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In this issue:
symmetry Explains it in 60 Seconds: String Theory
Safety Today: Keeping SLAC's Water Clean
Trailer Warming Party!
Collaborating for the Beam

SLAC Today

Tuesday - July 10, 2007

symmetry Explains it in 60 Seconds: String Theory

(Image - String)

String theory proposes that the fundamental constituents of the universe are one-dimensional "strings" rather than point-like particles. What we perceive as particles are actually vibrations in loops of string, each with its own characteristic frequency.

String theory originated as an attempt to describe the interactions of particles such as protons. It has since developed into something much more ambitious: an approach to the construction of a complete unified theory of all fundamental particles and forces.

Previous attempts to unify physics have had trouble incorporating gravity with the other forces. String theory not only embraces gravity but requires it. String theory also requires six or seven extra dimensions of space, and it contains ways of relating large extra dimensions to small ones. The study of string theory has also led to the concept of supersymmetry, which would double the number of elementary particles.

Practitioners are optimistic that string theory will eventually make predictions that can be experimentally tested. String theory has already had a big impact on pure mathematics, cosmology (the study of the universe), and the way particle physicists interpret experiments, by suggesting new approaches and possibilities to explore.

Click here to view symmetry's Explain it in 60 Seconds archive.

(Column - Safety Today)

Keeping SLAC's
Water Clean

Water, water everywhere, but did you ever stop to think about where it goes and how we ensure that it is clean? Water flows from SLAC in three ways; rain or storm water is routed offsite through drainages and pipes, industrial and domestic wastewater is directed to a treatment plant through the sanitary sewer system, and groundwater slowly creeps through bedrock below SLAC.

San Francisquito Creek, running south of SLAC, is home to many native species, including shorebirds from all over the South Bay and fish like the steelhead trout. All stormwater runoff from SLAC flows, untreated, to San Francisquito Creek. A mission of the Environmental Protection Group is to ensure SLAC runoff contributes to the healthy flow of stormwater into the creek and down to the San Francisco Bay.

"An important aspect of our work is to help SLAC minimize impacts to the creek from our operations so it remains a healthy environment for the flora and fauna," says Susan Witebsky, environmental protection group leader in the Environmental, Safety and Health (ES&H) Division.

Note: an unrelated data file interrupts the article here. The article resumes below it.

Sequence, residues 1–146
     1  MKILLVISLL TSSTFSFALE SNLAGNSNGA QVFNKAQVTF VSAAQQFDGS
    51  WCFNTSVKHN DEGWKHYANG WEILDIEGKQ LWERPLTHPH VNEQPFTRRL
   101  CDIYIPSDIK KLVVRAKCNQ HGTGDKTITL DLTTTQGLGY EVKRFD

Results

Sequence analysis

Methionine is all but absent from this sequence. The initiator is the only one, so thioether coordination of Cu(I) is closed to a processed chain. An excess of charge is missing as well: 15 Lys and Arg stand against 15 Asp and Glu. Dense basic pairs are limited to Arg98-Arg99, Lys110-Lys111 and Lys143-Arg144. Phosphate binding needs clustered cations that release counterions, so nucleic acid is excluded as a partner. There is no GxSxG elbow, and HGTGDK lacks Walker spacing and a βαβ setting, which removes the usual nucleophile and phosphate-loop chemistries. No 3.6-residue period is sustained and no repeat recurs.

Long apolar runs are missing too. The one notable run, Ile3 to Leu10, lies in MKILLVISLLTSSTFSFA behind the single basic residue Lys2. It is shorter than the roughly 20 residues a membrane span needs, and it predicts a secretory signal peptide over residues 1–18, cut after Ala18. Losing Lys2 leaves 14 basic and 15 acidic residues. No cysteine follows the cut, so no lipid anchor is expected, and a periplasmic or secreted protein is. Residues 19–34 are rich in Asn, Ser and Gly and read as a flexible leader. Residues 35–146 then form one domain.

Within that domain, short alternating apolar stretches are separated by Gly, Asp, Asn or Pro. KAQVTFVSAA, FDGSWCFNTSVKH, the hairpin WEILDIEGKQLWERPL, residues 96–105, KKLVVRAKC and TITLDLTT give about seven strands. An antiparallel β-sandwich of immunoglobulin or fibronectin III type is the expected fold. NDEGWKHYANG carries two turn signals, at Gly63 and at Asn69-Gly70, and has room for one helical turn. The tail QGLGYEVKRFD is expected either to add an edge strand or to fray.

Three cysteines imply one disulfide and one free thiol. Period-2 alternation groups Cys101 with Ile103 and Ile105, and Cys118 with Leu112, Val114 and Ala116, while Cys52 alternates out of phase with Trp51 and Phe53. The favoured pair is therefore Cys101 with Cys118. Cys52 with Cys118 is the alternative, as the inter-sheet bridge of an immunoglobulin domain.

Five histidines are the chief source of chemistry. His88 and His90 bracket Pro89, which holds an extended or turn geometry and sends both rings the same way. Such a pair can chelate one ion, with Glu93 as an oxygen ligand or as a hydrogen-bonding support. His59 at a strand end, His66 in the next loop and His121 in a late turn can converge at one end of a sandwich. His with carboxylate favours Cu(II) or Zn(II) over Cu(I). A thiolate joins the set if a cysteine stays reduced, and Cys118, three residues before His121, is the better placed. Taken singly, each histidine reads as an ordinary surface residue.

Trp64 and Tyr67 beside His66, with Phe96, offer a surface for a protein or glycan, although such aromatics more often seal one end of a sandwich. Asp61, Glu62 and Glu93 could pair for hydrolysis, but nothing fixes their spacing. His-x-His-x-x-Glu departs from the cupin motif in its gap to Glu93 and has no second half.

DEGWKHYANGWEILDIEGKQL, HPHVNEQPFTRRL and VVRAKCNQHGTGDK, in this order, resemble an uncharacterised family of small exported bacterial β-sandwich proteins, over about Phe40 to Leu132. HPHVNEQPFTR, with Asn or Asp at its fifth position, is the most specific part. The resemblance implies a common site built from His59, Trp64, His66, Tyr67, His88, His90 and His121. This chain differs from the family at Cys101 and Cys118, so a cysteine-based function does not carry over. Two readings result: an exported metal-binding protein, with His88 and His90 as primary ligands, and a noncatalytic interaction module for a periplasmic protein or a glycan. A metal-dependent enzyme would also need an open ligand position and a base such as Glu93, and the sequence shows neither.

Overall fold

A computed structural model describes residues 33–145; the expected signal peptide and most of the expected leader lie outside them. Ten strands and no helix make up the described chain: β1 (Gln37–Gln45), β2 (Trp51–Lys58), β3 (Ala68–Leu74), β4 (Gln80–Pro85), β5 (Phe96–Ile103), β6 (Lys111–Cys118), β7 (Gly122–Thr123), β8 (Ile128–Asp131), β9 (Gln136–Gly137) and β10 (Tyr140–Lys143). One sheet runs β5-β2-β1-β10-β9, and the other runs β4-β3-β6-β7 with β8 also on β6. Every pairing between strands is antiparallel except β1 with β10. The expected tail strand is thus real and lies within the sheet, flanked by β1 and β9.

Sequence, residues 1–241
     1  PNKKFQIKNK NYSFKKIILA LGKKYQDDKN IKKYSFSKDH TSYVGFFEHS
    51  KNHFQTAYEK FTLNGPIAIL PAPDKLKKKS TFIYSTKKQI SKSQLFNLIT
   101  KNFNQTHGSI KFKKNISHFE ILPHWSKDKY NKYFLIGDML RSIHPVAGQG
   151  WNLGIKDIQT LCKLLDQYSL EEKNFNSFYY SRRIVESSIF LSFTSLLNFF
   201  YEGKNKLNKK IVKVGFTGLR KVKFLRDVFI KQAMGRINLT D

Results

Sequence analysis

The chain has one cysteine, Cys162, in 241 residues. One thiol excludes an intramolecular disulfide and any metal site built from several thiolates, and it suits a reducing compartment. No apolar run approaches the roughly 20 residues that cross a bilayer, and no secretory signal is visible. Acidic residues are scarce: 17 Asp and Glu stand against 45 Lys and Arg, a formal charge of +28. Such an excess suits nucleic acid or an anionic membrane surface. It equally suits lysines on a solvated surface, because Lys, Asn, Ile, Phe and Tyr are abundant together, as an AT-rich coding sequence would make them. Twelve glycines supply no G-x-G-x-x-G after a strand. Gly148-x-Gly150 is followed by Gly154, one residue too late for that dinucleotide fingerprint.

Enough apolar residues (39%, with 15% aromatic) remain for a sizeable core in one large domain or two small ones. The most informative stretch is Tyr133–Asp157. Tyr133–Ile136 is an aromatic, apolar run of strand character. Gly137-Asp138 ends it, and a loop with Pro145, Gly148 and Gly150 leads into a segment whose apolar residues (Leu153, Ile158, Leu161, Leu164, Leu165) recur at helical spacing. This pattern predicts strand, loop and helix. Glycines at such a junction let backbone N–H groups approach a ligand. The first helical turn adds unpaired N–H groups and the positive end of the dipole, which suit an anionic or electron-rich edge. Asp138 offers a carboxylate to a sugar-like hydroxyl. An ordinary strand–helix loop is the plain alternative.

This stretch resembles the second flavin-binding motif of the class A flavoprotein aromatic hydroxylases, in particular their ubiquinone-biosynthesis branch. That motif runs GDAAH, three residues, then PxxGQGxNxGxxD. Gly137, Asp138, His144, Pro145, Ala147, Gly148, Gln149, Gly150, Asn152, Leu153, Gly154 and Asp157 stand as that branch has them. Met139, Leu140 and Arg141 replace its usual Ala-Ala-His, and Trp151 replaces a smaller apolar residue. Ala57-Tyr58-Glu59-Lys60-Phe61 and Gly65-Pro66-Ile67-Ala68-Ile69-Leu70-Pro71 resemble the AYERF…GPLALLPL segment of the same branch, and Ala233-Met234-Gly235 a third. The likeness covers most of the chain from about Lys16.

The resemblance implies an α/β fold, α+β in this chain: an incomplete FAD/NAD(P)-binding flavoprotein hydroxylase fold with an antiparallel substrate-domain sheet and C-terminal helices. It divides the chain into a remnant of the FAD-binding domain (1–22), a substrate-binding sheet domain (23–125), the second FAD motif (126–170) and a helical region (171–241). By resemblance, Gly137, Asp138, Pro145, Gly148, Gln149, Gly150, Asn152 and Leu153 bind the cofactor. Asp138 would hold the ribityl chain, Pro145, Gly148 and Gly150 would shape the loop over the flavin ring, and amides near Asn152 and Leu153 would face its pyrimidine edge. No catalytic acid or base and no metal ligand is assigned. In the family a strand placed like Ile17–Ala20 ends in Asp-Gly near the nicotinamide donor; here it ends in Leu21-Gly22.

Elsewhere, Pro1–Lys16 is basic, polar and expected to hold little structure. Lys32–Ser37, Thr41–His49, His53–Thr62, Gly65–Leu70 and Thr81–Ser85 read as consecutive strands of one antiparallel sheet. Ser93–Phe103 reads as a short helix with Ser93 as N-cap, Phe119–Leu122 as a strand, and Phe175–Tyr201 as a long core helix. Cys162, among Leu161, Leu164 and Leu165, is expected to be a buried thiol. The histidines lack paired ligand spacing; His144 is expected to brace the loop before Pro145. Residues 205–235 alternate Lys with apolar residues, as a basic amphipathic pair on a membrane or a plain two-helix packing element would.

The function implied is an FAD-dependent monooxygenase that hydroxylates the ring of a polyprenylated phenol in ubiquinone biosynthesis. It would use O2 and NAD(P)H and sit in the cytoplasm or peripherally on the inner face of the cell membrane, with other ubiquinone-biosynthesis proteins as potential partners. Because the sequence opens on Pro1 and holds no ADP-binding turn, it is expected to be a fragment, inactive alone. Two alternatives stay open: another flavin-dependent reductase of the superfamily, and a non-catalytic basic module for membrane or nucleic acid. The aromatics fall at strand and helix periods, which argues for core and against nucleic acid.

SLAC has a Storm Water Pollution Prevention Plan that requires monitoring of runoff as well as operations, and SLAC reports the results annually to the California Regional Water Quality Control Board. Best Management Practices are applied to specific operations to minimize the potential for impact.

Witebsky says that SLAC is not allowed to put anything other than rain water into the storm drain system. "Not even drinking water, because the chemicals in it may be fine for us, but not for the fish," she says. In fact, the environmental protection group's motto is "Nothing but rain in the drain." Read more...

Trailer Warming Party!

(Photo - flamingo)
It's a Trailer Party! Come revel in food, drinks, and even a tattoo bar this Thursday afternoon at the Communication Office's new digs. It all starts at 3:00 p.m. outside Trailers 266 and 267.

Bring yourself, bring your friends, bring your pet flamingo!

for the Beam

Fermilab, KEK and SLAC have joined forces to work on ATF.

When the Accelerator Test Facility (ATF) group at KEK decided to upgrade their beam position monitor system in 2005, Marc Ross had a solution. Based at SLAC at the time, he was a longtime collaborator with KEK and familiar with the instrumentation systems used throughout Fermilab's accelerator complex. In 2006, Ross became the head of Fermilab's Technical Division and could see how to continue his initiated beam position monitor upgrade efforts at the ATF damping ring. Called Echotek boards, these digital signal processing based systems offer a higher resolution potential—a characteristic that allows physicists to see more details about the beam. As it turned out, Fermilab was willing to make several Echotek boards available for testing the ATF system. Hence a new collaboration was born.
Read more in ILC NewsLine...

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